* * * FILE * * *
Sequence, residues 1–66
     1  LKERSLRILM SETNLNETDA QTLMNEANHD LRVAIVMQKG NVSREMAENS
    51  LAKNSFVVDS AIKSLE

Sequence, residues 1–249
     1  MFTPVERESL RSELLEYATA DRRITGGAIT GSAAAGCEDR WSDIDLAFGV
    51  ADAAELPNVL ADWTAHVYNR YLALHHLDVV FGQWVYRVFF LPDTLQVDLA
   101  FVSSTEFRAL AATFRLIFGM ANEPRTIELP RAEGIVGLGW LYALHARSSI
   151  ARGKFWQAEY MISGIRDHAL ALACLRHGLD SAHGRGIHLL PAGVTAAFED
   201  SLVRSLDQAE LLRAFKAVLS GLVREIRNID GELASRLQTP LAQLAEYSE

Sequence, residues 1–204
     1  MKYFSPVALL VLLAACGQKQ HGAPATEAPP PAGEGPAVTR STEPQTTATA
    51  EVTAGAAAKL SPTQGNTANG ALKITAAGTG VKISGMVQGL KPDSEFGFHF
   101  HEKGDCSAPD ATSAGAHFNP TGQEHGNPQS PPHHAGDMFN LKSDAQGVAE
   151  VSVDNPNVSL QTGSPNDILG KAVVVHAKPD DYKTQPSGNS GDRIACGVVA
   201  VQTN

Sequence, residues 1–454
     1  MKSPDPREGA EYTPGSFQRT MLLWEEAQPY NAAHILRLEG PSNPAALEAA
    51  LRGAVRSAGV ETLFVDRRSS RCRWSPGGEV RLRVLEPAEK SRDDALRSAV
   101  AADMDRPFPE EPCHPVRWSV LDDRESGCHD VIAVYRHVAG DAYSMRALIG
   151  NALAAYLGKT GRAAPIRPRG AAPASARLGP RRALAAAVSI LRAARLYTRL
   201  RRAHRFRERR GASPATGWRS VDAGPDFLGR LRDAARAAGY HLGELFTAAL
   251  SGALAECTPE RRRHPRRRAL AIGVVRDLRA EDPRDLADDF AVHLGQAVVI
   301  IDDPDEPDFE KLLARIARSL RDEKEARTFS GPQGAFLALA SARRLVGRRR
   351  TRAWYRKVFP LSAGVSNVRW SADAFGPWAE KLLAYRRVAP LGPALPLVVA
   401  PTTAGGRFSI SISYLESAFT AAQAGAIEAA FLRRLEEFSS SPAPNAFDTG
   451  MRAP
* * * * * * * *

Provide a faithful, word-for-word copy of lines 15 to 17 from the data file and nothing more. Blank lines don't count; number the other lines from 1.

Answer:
   201  VQTN

Sequence, residues 1–454
     1  MKSPDPREGA EYTPGSFQRT MLLWEEAQPY NAAHILRLEG PSNPAALEAA